In the spring of 1889, the U.S. government faced a monumental task—opening the Unassigned Lands, nearly two million acres in modern-day central Oklahoma, to non-Indian settlers. Tens of thousands of would-be landowners were expected to participate, looking to grab 160-acre plots of free land.
A man was needed to keep the peace and to enforce the law, ensuring people did not stake out property prior to the start time of high noon on April 22. That man was Thomas B. Needles, U.S. marshal.
Sort of. A few days shy of his 54th birthday, the merchant and banker from Nashville, Illinois, was a former senator and state auditor, but he had no law enforcement experience. His father had once been a county sheriff, which was the closest the son ever got to a badge and gun.
But President Benjamin Harrison was rewarding fellow midwestern Republicans for helping his recent election, and Harrison decided Needles would make a perfect U.S. marshal for the new district.
Needles reached his bailiwick on April 1. A newspaper called him “fat” and “amiable,” and predicted that he wouldn’t last long in the job. Undeterred, he picked four men as his deputies and assumed command of dozens of others who were already in the region.
Since some of the Unassigned Lands were in the Kansas District, overseen by U.S. Marshal William C. Jones, two law officers were technically in charge, as well as the U.S. Army troops sent in to help out. But Jones was a lame-duck Democrat, not long for his post, so he tended to cede power to Needles.
Keeping out “Sooners” was near impossible, particularly due to the presence of “legal Sooners,” people allowed in the Unassigned Lands prior to the Land Rush—railroad workers, surveyors, federal employees and lawmen. Many of those men wanted their own free land, so why not stake out some prime spots before anyone else could get there?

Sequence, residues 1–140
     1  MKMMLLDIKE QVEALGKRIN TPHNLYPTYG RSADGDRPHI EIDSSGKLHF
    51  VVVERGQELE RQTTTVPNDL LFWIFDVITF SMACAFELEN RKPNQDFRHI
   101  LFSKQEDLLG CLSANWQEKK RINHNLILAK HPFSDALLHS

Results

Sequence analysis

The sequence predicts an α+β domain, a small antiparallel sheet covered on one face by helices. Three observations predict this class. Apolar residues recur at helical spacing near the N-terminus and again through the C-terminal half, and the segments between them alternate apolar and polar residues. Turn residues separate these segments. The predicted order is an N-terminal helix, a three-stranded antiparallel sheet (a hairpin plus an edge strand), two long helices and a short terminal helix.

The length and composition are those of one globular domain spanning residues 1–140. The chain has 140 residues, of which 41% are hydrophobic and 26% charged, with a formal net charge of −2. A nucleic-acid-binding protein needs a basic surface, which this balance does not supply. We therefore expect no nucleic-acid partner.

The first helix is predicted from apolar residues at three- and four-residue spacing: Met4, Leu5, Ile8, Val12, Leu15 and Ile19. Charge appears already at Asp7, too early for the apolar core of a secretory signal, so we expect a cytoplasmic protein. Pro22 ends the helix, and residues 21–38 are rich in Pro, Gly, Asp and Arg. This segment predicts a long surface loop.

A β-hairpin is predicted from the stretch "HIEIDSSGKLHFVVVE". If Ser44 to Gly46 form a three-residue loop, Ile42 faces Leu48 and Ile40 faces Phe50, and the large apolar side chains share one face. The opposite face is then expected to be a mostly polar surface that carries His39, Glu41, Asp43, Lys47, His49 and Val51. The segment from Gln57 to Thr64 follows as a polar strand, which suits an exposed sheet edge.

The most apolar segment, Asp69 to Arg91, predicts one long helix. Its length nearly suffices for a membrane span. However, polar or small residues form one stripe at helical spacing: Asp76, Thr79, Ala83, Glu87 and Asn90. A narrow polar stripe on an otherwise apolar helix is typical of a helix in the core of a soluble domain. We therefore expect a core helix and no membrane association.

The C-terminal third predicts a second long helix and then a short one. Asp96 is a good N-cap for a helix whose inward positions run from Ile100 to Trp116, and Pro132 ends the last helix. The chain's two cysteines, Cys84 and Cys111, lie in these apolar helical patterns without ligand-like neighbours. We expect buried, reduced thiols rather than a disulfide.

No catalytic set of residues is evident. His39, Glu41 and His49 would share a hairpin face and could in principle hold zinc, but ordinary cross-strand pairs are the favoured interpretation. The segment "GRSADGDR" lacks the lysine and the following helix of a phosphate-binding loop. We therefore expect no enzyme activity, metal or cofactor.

Anecdotal evidence indicates some legal Sooners did just that, including Needles. He and some compatriots staked out attractive lots in Guthrie. The government land office later denied his and five of his deputies’ applications. To counter that tactic, some legal Sooners illegally sold their claims before they were filed with the land office.
Needles continued in his job for another four years, until Harrison lost his reelection bid to Democrat Grover Cleveland. The highlight of the marshal’s tenure: ordering Deputy Marshal Heck Thomas to go after the Dalton Gang in 1891. Thomas was hot on the gang’s trail when most of the members met their demise in Coffeyville, Kansas, the next year.
In 1893, Needles moved back to Nashville, Illinois, where he was elected again to the state legislature, continued banking and died in 1914. But he had one more brush with the West; in 1897, Needles was appointed to the federal Dawes Commission, which, among other duties, wrested control of millions of acres from Indian tribes and opened them up for settlement.
That time, folks did not get a Land Rush; the Feds sold the plots.
Photo caption: This crowd stands by for the Land Rush to officially commence at noon on April 22, 1889. More than one settler, who had properly waited for the gunshot to begin the race, came upon a spot already claimed. In at least one case, the settler complained to the Sooner—only to have a badge and gun flashed at him. The guy wisely moved on. – Courtesy Heritage Auctions, June 2008 –